why your Third Parties may be a major gdpr risk
Imagine the scenario. Your business has spent copious time, resources, and energy to ensure your GDPR compliance. All the necessary documentation is in place, your staff has undertaken all required training, and your processes have been signed-off.
Then you receive an email.
One of your third parties has had a data breach and they have lost a significant amount of your customers’ personal data. As the data controller, you are liable for this breach. Now all the effort that your business has expended has now been undermined by the failures of one of your third parties.
Compromised GDPR integrity
Your third parties are part of your business’ GDPR compliance environment, and a weakness among them can compromise your overall GDPR integrity.
Think of it like chainmail. One weak link and the security of the chainmail is undermined. Yet these weaknesses are often left undetected and the risks undiagnosed.
There are several reasons for this.
Firstly, most businesses don’t have an accurate picture of the third parties who are processing their data subjects personal data. Does your business use an outsourced HR and/or payroll company? Both are common third party data processors. How about a travel company for overseas business? Also, third party data processors. Any external cloud-based software providers? Again, these are third party processors.
Second, many contracts between businesses and their data processors either do not contain the necessary protections or are failing to be upheld by the data processor. Your third parties are responsible for protecting the personal data you control and should have the appropriate technical and organizational measures (TOMs) in place. These should be stipulated in the data processing agreement.
Finally, businesses that have (GDPR) contract clauses that enables them to audit their third-parties will rarely/never audit. Whilst your contracts may be watertight, many third parties still fail to adhere to their stipulated protection requirements. This means that any GDPR issue (such as a data breach) could develop in its severity and may result in a particularly nasty surprise for your business. These audits can be done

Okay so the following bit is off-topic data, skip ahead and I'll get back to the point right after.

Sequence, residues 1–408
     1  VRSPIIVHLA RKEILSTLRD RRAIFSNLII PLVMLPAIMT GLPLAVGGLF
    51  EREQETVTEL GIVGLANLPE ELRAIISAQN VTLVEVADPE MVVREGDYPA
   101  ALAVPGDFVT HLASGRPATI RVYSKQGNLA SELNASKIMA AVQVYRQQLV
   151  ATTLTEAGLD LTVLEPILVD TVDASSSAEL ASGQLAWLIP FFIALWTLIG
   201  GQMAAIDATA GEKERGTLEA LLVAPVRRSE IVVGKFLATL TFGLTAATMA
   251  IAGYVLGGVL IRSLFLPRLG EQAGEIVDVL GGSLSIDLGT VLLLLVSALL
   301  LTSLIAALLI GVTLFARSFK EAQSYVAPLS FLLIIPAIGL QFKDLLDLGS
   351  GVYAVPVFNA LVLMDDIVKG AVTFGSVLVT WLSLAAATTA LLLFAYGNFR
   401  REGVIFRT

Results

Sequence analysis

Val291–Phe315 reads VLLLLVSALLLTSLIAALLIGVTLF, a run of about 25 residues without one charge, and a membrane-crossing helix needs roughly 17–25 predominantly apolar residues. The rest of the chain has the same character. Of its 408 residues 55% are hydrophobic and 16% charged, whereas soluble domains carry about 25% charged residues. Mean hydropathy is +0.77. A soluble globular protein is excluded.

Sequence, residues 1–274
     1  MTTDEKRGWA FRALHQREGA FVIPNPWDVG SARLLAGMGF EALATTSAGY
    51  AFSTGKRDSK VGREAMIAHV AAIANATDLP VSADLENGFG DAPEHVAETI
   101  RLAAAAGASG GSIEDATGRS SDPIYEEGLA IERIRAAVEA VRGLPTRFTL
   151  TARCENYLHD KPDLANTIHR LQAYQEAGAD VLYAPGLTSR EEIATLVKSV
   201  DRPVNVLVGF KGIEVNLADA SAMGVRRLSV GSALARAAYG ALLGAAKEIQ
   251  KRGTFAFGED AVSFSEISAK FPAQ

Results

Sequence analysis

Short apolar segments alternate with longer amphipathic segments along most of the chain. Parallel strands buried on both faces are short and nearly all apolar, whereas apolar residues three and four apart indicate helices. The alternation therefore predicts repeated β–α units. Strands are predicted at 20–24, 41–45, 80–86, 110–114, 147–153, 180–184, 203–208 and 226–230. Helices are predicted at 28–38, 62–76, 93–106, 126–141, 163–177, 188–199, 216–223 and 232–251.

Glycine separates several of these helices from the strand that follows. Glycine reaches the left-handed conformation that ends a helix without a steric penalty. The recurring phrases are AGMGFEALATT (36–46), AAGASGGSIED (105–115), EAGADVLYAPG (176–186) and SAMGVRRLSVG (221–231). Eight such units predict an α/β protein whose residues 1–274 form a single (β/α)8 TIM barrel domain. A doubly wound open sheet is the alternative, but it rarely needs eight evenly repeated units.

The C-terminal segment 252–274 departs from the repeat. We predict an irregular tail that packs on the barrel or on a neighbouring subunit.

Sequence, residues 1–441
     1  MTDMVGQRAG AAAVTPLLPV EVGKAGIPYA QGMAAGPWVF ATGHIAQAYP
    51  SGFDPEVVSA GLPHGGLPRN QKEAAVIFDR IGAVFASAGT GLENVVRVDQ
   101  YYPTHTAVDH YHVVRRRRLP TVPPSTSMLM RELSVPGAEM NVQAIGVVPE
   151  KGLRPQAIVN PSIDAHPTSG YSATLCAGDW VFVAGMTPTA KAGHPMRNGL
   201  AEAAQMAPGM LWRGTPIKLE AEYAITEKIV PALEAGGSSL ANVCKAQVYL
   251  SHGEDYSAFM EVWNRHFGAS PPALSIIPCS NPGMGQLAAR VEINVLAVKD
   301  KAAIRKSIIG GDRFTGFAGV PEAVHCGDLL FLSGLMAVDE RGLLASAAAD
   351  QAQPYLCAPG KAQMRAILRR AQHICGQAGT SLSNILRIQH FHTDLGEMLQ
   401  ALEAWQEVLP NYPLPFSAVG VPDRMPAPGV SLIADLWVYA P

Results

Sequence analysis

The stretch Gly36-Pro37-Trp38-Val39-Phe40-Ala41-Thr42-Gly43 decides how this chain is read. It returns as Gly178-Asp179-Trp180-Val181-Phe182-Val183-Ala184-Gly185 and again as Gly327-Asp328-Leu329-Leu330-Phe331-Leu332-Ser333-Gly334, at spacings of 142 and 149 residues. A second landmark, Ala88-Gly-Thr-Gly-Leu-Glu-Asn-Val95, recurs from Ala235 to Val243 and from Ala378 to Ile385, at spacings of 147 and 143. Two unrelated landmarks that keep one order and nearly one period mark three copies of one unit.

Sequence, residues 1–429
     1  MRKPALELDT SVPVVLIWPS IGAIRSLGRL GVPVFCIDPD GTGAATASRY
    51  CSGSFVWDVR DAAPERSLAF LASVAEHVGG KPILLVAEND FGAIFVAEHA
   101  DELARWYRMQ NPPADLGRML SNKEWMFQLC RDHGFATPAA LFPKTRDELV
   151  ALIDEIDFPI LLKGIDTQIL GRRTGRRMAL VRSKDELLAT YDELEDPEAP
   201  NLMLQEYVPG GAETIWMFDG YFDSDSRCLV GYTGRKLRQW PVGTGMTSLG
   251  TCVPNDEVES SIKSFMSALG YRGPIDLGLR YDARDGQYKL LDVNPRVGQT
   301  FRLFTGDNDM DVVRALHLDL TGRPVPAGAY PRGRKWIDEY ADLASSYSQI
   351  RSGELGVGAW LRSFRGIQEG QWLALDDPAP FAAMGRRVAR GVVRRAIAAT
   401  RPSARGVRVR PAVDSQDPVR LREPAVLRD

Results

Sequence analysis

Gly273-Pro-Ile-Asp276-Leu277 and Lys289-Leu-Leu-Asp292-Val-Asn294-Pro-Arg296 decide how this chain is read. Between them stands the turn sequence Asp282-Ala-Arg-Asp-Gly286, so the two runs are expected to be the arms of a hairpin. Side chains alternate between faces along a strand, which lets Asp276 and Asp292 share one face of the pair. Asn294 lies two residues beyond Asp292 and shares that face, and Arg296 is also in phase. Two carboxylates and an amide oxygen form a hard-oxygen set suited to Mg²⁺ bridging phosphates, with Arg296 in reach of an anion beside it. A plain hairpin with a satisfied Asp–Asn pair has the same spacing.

Case studies: Vodafone Italia and British Airways
In November 2020, Vodafone Italia was issued with a $14.5 million fine after having been found to have violated several articles of the GDPR. A significant portion of these related to the illegal activities of third-party marketing agencies that Vodafone was transferring data to and from, many of whom were not accurately documented.
As the data controller, Vodafone Italia were held accountable by the Italian DPA and ordered to pay the fine – one of the largest the Italian DPA has issued to date.
Watchdog fines aren’t the only financial repercussion of a data breach – Class action lawsuits and data subject compensation can markedly elevate the financial impact of a data breach. Although British Airways were fined £20 million as a consequence of a data breach related to their third parties, it is estimated that the compensation BA has had to pay their data subjects is in excess of £800million. This, combined with the reputational damage suffered, has ensured that BA’s data breach has been a troubling epsiode for their business.
How to mitigate this risk
Mitigating the risk that these third parties pose centres upon understanding this risk in the first place. This cannot be achieved without a clear picture of your third-party data processors.
Identifying the weak links in your supply chain should come hand-in-hand with this picture.
Tacita’s Vendor Risk Management (VRM) service provides this clarity, allowing your business to observe and assess the risks posed by your third parties. Our service provides both a top-down overview of your organization’s risk environment, as well as a more in-depth breakdown of the types and extent of risks posed.
Contact us below to see how we can help you assess your third parties!